NASA Satellites Paint Grim Picture For The Future of Antarctica’s Ice Shelves

In the 64 years, that NASA has existed Administrators of the agency were forced to answer the much-discussed what’s the point? question. What’s the purpose, of lawmakers and taxpayers inquiring to spend on space, when there are many issues on Earth? NASA has always offered a quick response by pointing to the many different generations of Earth-observing satellites that they have launched, which have kept a close eye on the climate, weather erosion of land and many other things. The only thing the agency hasn’t said was that it’d be interested in what the satellites reveal to us.

This week as NASA announces, the results from space regarding the state of the Earth have been particularly troubling. In two papers–one published in Nature and the other within Earth System Science Data–scientists looked at 25 years of observations from seven American and European satellites that are monitoring the Antarctic and came up with terrible news to report.

According to the paper the loss of mass from Antarctica’s ice shelves, or ice that extends past the coastline has been more than twice the size previously thought. Since 1997 12 million metric tons of ice have disappeared, the research illustrates, in contrast, comparison to six million thought to be.

“Antarctica is breaking apart around its borders,” Chad Greene, an assistant professor at Caltech’s and NASA’s Jet Propulsion Laboratory and a co-author on the Nature paper released in an announcement.

This is bad news not only for Antarctica however, but also for the entire world. Floating shelves are a source of support for the ice that covers the Antarctic continent, and the more shelving that is destroyed as it is, the more land-based ice can be lost, adding substantially to the increase in sea levels across the globe.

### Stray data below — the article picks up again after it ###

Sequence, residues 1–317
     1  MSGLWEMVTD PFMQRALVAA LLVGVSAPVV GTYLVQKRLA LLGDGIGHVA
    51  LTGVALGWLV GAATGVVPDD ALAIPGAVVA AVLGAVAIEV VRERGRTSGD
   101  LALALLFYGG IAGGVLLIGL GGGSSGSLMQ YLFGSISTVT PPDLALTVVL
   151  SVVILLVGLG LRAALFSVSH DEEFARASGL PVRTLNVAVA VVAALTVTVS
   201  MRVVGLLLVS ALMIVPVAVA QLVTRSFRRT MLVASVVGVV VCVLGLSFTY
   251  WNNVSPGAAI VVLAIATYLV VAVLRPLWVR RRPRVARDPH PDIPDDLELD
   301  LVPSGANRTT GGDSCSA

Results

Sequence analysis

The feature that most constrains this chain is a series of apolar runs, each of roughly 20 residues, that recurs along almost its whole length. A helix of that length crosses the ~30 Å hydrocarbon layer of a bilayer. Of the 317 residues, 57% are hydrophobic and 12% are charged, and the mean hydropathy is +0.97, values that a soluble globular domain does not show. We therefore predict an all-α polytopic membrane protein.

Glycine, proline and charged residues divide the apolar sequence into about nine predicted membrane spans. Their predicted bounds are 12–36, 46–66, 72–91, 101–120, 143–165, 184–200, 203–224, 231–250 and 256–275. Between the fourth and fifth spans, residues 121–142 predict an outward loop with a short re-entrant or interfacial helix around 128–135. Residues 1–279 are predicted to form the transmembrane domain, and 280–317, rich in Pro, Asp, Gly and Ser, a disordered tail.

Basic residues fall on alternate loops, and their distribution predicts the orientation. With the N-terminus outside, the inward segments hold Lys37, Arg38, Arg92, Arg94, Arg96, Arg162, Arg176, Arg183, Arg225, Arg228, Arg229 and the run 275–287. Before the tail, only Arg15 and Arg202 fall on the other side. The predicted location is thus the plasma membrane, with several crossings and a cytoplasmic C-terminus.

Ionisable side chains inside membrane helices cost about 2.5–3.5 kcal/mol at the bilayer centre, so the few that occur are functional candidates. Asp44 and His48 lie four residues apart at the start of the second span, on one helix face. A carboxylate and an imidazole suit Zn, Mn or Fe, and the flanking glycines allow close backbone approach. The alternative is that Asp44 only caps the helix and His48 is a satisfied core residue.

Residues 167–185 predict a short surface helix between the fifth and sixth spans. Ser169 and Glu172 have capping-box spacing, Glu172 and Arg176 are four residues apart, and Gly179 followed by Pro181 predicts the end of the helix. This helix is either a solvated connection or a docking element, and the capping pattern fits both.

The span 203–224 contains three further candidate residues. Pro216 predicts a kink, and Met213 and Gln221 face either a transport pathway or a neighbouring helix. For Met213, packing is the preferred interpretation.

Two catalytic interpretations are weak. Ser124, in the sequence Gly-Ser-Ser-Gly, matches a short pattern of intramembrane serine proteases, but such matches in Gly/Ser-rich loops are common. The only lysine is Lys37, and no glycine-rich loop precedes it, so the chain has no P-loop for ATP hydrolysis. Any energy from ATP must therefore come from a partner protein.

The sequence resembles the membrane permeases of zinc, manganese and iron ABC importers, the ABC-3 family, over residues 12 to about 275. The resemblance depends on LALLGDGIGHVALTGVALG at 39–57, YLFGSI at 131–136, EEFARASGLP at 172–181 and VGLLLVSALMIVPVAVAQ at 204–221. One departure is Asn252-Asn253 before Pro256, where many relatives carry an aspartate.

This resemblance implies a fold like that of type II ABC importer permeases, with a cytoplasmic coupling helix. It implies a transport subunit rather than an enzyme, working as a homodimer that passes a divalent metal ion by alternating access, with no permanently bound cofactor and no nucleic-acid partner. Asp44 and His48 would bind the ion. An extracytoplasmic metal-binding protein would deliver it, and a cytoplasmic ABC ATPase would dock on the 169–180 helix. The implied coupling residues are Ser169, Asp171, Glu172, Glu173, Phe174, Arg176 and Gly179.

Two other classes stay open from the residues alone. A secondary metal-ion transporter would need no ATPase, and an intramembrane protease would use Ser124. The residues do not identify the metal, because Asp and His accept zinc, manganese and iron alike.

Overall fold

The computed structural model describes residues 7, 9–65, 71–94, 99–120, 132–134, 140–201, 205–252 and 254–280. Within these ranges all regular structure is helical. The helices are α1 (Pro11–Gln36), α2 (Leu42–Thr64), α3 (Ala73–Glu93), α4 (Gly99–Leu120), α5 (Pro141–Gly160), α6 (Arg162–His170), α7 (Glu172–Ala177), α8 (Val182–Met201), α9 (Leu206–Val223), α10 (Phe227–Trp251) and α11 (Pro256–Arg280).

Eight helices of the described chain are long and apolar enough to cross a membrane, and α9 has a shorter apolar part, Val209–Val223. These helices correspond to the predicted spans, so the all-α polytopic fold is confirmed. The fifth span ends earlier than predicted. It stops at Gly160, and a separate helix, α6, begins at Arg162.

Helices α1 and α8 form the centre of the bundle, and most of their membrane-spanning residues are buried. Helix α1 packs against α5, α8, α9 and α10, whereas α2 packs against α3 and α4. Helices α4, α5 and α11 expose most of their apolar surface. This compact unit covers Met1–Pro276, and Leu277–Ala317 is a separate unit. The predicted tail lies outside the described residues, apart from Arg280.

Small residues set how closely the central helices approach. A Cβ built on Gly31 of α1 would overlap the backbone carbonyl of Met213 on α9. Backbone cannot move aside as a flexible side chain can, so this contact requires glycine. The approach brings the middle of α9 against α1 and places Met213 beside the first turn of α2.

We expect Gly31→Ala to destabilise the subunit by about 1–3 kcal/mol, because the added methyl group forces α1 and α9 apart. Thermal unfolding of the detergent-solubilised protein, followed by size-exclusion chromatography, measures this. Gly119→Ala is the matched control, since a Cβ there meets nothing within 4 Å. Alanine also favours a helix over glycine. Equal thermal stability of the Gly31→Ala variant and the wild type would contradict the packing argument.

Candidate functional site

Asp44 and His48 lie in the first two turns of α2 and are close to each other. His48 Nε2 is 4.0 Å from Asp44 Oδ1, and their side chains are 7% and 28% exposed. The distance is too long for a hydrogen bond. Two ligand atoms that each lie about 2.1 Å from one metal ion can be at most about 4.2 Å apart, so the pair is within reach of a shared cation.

The key to the newly released findings was satellite measurement techniques that employ altimeters that do not determine the vertical expanse of the ice but instead the horizontal elevation. The thickness of the ice as measured by the instruments is decreasing, suggesting it is that the warmer ocean is melting it from below, which makes them more fragile, thinner and more likely to melt away.

Prior to the two studies, altimeters hadn’t been utilized to study this phenomenon across all of the Antarctic continents. One of the difficulties of the study was that satellite images are difficult even for an experienced eye to comprehend.

“For instance,” said Greene, “you might imagine gazing at the satellite image and trying to determine the distinction between a white glacier, white ice shelf sea ice and white clouds. It’s been a daunting task. We now have enough data from several satellite sensors to have an accurate image of how Antarctica’s coastline changed over the past few years.”

The worst part is that the loss of ice shelves in the last 25 years is expected to outstrip the previous few years or so. Even even if global warming did slow, scientists don’t believe the ice shelves could return to the levels they were before 2000 at any time in the next century. “Antarctica’s largest Ice shelves.” The NASA statement warns that “all are likely to be heading to major calving events over the next 10-20 years.”

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